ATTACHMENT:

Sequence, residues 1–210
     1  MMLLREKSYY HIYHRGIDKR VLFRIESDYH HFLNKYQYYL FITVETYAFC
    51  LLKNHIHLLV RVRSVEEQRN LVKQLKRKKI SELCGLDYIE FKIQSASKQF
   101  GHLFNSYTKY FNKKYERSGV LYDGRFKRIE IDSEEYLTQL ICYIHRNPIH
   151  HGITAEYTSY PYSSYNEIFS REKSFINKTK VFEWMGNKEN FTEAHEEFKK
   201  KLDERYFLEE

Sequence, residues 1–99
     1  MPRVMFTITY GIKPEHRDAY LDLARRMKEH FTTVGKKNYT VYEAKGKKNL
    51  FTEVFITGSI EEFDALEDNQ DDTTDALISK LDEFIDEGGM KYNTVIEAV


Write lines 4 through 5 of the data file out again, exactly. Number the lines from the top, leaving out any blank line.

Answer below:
   101  GHLFNSYTKY FNKKYERSGV LYDGRFKRIE IDSEEYLTQL ICYIHRNPIH
   151  HGITAEYTSY PYSSYNEIFS REKSFINKTK VFEWMGNKEN FTEAHEEFKK